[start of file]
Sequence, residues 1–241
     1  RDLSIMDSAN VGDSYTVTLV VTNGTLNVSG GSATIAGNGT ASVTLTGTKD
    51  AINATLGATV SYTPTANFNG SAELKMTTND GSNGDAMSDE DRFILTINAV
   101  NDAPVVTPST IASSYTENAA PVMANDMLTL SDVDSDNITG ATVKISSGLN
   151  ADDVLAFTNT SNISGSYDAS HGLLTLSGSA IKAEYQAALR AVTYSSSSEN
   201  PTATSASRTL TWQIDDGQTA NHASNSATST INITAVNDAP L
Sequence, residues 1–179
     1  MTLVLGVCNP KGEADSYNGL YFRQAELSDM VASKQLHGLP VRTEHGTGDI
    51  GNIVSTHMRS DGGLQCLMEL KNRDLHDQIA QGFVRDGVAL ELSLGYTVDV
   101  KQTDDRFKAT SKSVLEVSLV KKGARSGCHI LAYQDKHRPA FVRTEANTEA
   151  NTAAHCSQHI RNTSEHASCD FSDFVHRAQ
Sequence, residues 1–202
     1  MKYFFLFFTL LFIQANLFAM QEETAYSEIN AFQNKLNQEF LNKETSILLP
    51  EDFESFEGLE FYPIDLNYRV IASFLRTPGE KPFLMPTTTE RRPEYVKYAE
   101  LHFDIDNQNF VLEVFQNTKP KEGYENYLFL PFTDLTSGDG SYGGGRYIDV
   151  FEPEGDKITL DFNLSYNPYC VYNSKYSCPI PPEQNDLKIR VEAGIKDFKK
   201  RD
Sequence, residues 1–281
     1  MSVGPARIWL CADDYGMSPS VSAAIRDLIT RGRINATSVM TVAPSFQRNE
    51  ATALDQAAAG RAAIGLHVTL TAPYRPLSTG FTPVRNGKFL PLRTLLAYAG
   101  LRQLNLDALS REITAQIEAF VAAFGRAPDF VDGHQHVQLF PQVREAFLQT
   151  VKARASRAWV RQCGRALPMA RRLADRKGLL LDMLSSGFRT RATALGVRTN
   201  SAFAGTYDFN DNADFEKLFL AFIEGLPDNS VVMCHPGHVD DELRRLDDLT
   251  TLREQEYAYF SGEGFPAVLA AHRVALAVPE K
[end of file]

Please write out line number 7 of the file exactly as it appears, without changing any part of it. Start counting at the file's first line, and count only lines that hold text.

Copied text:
Sequence, residues 1–179